Assessing Frailty in Chinese Nursing Home Older Adults: A Comparison Between the FRAIL-NH Scale and Frailty Index
- 26 Downloads
To establish appropriate FRAIL-NH cutoff points in nursing homes in Mainland China;
To compare the FRAIL-NH scale and Frailty Index in assessing frailty prevalence and associated factors in nursing homes.
A cross-sectional study.
Six nursing homes in Changsha, China.
A total of 302 residents aged 60 years or older (mean aged 82.71±8.49, 71.2% female).
Frailty was assessed using the 34-item Frailty Index and the FRAIL-NH scale.
The appropriate FRAIL-NH cutoff points to classify frail status and frailest status were 1.5 (87.6% sensitivity, 63.3% specificity) and 7.5 (94.1% sensitivity, 73.4% specificity), respectively. Based on the FRAIL-NH and Frailty Index, 69.5% (48% for frail and 21.5% for frailest), and 66.5% (60.9% for frail and 5.6% for frailest) of residents were at risk of frailty, respectively. There was no statistically significant difference in the total frailty prevalence assessed by FRAIL-NH and Frailty Index (χ2=0.617, P=0.432). The FRAIL-NH Scale is significantly associated with the Frailty Index (correlation coefficient (r) = 0.74, P < 0.001), but there was a Kappa agreement of 0.39 for frailty classification between the FRAIL-NH and Frailty Index, with the Frailty Index classifying a larger number of individuals as frail. When using FRAIL-NH scale, disease and self-reported health status were associated with frail and frailest status while age was just associated with frailest status. regarding the Frailty Index, age, diseases, medications and self-reported health status were associated with frail and frailest status.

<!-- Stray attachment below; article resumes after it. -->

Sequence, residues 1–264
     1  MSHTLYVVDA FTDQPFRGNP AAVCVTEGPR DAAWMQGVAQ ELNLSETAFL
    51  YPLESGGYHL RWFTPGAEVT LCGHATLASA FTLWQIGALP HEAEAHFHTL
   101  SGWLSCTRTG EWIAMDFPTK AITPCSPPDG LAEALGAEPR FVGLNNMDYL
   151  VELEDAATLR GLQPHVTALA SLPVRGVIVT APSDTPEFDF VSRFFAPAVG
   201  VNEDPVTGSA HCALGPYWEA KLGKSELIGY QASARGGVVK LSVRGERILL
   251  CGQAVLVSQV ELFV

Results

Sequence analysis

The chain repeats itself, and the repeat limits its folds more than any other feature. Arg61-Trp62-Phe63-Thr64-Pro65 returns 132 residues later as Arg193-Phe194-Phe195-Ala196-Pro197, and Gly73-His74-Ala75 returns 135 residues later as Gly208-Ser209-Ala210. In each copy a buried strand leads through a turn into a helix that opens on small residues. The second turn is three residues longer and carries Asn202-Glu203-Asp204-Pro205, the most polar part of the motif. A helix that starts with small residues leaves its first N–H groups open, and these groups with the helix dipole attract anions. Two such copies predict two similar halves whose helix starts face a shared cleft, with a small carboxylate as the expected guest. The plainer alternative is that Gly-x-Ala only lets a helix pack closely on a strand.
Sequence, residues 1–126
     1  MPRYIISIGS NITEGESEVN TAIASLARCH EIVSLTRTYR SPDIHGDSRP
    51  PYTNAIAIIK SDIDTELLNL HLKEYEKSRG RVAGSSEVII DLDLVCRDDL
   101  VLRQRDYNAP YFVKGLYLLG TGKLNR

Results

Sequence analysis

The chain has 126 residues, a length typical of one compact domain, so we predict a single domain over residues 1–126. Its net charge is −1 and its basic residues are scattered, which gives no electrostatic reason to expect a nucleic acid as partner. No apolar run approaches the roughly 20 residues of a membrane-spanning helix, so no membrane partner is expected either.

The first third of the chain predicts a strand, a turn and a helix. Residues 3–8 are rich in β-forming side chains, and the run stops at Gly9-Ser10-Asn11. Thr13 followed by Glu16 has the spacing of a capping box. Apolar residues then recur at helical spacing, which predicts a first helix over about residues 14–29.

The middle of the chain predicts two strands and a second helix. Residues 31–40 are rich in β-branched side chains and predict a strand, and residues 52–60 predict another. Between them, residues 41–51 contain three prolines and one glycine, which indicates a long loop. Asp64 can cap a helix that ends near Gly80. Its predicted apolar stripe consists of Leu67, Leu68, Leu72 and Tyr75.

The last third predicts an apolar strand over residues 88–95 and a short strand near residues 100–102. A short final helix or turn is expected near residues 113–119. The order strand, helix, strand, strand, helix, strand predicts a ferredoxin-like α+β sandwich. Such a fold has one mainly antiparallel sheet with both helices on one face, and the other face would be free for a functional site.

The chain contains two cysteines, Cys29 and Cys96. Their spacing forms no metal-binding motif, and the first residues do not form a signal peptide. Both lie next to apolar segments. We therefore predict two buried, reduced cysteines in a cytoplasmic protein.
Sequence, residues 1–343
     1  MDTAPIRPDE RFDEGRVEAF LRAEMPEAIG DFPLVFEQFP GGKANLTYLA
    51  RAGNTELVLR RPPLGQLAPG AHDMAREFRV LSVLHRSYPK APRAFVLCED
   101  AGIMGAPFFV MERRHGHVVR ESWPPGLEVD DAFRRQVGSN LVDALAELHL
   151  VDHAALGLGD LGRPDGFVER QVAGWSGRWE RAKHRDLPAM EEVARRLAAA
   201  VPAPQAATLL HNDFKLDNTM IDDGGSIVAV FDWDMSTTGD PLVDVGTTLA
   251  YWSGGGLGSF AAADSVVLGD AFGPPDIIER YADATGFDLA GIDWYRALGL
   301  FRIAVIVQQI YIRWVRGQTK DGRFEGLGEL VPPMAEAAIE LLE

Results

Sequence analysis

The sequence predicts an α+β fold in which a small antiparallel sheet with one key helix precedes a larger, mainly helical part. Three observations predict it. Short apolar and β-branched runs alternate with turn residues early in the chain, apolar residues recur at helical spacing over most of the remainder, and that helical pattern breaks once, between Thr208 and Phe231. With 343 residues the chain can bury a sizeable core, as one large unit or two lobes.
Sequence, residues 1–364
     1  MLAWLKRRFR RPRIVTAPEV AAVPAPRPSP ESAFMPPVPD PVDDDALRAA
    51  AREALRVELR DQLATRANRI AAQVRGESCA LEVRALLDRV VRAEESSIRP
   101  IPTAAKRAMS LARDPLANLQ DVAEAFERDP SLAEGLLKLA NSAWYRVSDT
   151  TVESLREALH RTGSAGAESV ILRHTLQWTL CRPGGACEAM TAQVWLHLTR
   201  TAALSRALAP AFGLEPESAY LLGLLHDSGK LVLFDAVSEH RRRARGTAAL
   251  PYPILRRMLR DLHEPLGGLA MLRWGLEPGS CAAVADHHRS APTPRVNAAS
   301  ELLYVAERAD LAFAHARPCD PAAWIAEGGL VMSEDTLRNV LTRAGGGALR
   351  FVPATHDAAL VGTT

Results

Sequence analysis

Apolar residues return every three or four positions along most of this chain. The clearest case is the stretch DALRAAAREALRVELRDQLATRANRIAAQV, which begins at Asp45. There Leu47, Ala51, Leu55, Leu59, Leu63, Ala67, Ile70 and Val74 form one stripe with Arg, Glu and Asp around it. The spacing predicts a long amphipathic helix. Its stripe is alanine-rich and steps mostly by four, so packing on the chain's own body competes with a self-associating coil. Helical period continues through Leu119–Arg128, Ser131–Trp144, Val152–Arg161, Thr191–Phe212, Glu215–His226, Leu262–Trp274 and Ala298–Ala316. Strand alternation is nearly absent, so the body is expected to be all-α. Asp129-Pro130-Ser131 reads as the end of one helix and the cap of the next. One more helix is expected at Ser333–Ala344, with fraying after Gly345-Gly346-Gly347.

The FRAIL-NH is a simple and effective tool to assess the overall frailty rate in nursing homes, and the Frailty Index may be more suitable capturing the multidimensionality of frailty at an individual level. Careful consideration in the selection of a frailty instrument, based on the intended purpose, is necessary.
Key wordsChina FRAIL-NH Frailty Index nursing home older adults
- 3.Kojima G. Frailty as a predictor of nursing home placement among community-dwelling older adults: a systematic review and meta–analysis. J Geriatr Phys Ther 2016; 41:1–7.Google Scholar
- 5.Zhao Y–Y, ·Li XW, Ding YP, Cui Y. Comparison of predictive power for disability among institutional older adults using Tilburg scale and frality phenotype. Chinese J Heal Stat 2017; 34:436–438.Google Scholar
- 11.Martínez–Velilla N, Herce PA, Herrero ÁC, et al. Heterogeneity of different tools for detecting the prevalence of frailty in nursing homes: feasibility and meaning of different approaches. J Am Med Dir Assoc 2017; 18:898.e1–898.e8.Google Scholar
- 16.Wei Z–Z, Wang WL. The cutoff point of POSM–SF questionnaire to define preoperative negative mood disorders in patients undergoing gastric cancer radical surgery. Chinese J Nurs 2011; 46:169–171.Google Scholar
- 17.Searle SD, Mitnitski A, Gahbauer EA, Gill TM, Rockwood K. A standard procedure for creating a frailty index. Bmc Geriatr 2008; 24:1–10.Google Scholar
- 18.Hoover M, Rotermann M, Sanmartin C, Bernier J. Validation of an index to estimate the prevalence of frailty among community–dwelling seniors. Heal Reports 2013; 24:10–17.Google Scholar
- 19.Vetrano DL, Palmer K, Marengoni A, et al. Frailty and multimorbidity: a systematic review and meta–analysis. Journals Gerontol 2018(in press).Google Scholar
- 21.Malmstrom TK, Miller DK, Morley JE, Louis S, Louis S, Louis S. A comparison of four frailty models. 2015; 62:721–726.Google Scholar
- 27.Xi X, Guo GF, Sun J. Elderly frailty assessment tools and their applications. Chinese J Gerontol 2015; 35:5993–5996.Google Scholar